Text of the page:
Room temperature

At room temperature, chocolate can harden in 15 to 30 minutes. When properly tempered, chocolate can set in 5 to 10 minutes.

Compound chocolates will have an easier time setting at room temperature.

For “true” chocolate, untempered chocolate will set with a dull, mushy finish.

Refrigeration

While chocolate can set or be stored in the fridge, it can also easily pick up unwanted odors from other foods in the fridge. This can also result in developing off flavors (yuck).

If you’re setting chocolate in the fridge, make sure to wrap tightly or contain the chocolates to ensure moisture stays out.

Chocolate can be stored in the refrigerator for several weeks, but it should be brought to room temperature before being served or used in recipes.

Freezing

Many chocolate makers freeze chocolate as a way to store it and extend its shelf life. It is also the quickest way to cool down chocolate if you’re in a hurry.

When freezing chocolate, it is important to note that it may become slightly discolored or develop a white, mottled appearance when it is frozen.

This is known as “chocolate bloom” and is caused by the separation of cocoa butter and cocoa solids. While it may not be visually appealing, chocolate that has bloomed is still safe to eat and will still have the same flavor and texture.

Just be aware that chocolate may develop a slightly different appearance when frozen, but this will not affect its flavor or quality.

Why is my melted chocolate not hardening?

There are a few factors to double-check to make sure that your chocolate eventually sets and hardens.

Bad storage conditions can make or break your chocolates, resulting in a mushy texture or dull appearance.

Chocolate is not tempered.

Untempered chocolate takes longer to set and also does not harden completely as tempered chocolate does.

There are several ways to tell if chocolate has been tempered:

  • Visual appearance: Properly tempered chocolate will have a smooth, shiny finish and will be free of streaks and blotches. It will also have a uniform color and will not look dull or gray.
  • Snap test: Break a piece of chocolate in half. If it snaps cleanly and makes a “snappy” sound, the chocolate is likely tempered. If it crumbles or breaks unevenly, it may not have been tempered properly.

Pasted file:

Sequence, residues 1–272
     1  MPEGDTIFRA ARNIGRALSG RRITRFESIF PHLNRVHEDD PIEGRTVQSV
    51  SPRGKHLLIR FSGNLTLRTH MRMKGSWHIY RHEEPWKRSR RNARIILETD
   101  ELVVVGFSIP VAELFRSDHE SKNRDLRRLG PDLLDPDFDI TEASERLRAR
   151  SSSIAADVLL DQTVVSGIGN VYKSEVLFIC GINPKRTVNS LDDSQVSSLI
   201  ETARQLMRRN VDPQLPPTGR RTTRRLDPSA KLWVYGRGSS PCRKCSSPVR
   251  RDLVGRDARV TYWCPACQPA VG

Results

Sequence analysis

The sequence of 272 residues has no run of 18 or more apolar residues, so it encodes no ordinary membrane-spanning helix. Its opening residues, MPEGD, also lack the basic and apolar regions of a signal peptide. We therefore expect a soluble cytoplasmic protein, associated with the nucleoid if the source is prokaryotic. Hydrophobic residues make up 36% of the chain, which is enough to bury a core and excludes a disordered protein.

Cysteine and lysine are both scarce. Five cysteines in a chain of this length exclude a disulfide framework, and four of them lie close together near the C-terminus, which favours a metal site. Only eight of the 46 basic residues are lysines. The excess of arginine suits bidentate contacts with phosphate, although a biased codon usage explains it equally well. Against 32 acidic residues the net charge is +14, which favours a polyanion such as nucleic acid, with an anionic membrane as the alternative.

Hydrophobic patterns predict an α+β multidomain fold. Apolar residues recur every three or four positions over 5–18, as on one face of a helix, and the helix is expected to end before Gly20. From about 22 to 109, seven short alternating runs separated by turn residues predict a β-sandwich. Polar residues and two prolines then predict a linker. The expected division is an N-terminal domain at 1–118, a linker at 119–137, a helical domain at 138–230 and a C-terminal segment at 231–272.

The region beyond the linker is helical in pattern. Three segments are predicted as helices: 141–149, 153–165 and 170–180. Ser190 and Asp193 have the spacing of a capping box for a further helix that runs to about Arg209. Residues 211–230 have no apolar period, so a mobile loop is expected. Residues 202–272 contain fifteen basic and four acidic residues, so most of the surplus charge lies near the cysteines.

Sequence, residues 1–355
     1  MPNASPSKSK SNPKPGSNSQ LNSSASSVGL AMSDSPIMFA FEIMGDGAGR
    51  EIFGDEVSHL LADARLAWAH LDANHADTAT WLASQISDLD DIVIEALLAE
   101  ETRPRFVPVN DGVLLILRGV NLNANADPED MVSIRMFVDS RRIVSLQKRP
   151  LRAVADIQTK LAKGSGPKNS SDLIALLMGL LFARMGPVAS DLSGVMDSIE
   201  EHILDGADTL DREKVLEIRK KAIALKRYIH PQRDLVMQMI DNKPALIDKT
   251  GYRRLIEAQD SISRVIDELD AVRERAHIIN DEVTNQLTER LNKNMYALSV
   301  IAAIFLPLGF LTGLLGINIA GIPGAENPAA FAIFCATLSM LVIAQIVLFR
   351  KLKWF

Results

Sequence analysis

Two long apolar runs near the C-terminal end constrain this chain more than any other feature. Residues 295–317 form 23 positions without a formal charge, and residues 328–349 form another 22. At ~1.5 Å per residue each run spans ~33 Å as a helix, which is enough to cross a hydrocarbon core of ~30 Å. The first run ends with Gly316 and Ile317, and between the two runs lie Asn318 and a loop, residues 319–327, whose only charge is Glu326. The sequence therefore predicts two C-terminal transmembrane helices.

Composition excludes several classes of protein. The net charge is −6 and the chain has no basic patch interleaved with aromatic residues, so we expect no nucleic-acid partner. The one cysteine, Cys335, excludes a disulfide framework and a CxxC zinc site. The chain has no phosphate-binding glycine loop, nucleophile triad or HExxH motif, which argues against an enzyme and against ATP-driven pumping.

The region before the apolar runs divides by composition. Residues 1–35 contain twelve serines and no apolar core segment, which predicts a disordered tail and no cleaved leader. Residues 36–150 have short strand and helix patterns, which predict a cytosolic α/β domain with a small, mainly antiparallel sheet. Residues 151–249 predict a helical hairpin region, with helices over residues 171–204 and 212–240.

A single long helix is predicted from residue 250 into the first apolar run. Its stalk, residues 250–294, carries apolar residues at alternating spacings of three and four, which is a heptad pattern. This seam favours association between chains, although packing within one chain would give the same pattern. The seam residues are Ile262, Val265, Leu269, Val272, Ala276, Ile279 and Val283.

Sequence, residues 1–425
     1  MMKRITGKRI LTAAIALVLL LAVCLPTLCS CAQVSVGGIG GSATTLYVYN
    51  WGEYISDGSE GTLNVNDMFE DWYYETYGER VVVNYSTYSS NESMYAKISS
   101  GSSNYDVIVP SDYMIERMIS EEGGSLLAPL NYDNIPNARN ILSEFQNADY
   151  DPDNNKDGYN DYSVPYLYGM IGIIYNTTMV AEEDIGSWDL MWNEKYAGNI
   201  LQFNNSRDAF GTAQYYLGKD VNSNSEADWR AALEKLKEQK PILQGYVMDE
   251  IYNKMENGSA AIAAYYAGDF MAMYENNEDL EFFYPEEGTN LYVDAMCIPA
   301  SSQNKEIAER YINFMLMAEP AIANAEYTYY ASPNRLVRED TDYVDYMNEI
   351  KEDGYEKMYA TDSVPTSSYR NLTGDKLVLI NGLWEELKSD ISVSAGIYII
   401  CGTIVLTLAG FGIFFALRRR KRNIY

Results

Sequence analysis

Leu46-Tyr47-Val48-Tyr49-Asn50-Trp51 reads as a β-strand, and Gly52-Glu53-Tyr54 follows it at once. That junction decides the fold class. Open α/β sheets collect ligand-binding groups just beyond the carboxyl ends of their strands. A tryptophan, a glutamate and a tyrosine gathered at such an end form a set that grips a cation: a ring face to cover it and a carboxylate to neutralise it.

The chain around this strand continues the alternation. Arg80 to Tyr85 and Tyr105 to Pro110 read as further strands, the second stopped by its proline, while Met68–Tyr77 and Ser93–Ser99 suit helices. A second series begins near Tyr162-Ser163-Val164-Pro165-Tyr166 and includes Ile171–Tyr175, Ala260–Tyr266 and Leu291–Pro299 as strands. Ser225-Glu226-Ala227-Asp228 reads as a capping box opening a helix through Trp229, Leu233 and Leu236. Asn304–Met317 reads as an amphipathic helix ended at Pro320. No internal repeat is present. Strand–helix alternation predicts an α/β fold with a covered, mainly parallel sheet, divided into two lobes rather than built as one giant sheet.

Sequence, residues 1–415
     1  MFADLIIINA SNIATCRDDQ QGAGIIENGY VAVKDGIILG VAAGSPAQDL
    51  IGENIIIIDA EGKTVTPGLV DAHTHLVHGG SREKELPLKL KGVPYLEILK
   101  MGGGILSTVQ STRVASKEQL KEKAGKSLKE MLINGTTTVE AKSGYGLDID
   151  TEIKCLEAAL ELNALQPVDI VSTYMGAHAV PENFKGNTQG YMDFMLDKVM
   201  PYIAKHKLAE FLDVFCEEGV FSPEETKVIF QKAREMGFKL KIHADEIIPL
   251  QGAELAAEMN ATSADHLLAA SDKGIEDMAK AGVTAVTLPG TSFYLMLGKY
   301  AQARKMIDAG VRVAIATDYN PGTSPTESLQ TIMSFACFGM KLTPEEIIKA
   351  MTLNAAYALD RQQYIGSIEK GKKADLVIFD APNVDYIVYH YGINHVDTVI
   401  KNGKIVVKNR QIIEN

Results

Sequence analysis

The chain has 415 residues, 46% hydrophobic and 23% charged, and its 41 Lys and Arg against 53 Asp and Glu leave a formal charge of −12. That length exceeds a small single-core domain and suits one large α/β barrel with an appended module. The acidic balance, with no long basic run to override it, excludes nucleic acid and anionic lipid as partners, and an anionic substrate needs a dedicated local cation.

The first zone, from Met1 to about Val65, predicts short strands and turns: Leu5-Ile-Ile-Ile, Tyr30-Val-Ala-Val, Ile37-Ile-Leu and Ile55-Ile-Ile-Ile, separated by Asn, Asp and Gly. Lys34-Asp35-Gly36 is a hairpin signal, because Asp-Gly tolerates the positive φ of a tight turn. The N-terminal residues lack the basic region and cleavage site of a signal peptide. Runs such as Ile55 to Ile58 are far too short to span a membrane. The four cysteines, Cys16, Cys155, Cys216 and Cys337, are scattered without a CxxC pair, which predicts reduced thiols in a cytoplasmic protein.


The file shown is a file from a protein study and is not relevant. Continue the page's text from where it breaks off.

• Melt test: Place a small piece of chocolate in your mouth and let it melt. Properly tempered chocolate will melt smoothly and evenly and will not feel gritty or grainy.

Room temperature is too high.

The ideal storage condition for chocolate is right under 70°F (about 65-69°F) in a cool, dark, and dry location.

So try to keep chocolates out of direct sunlight in a closed container.

Warm air tends to hold more moisture which leads to the next possible issue.

Humidity is too high.

While this is not a common issue, high humidity is still something to keep in mind when working with chocolate. Protecting chocolate from moisture is

Be careful about opening windows on a rainy day as humidity can affect how chocolate sets.

The chocolate could bloom in the form of white splotches. Even after the chocolate sets, it could be soft and easy to smudge.

Final Thoughts

In conclusion, the time it takes for chocolate to harden depends on several factors, including the type of chocolate, the thickness of the coating, and the temperature of the room.

Generally, chocolate will take anywhere from 30 minutes to several hours to harden completely, depending on these factors.

To speed up the hardening process, you can place the coated treats in the refrigerator or freezer to allow the chocolate to set more quickly. It’s important to note that chocolate can become brittle when it is chilled, so it’s best to let it return to room temperature before handling or serving.

Properly storing and handling chocolate can help ensure that it maintains its quality and taste.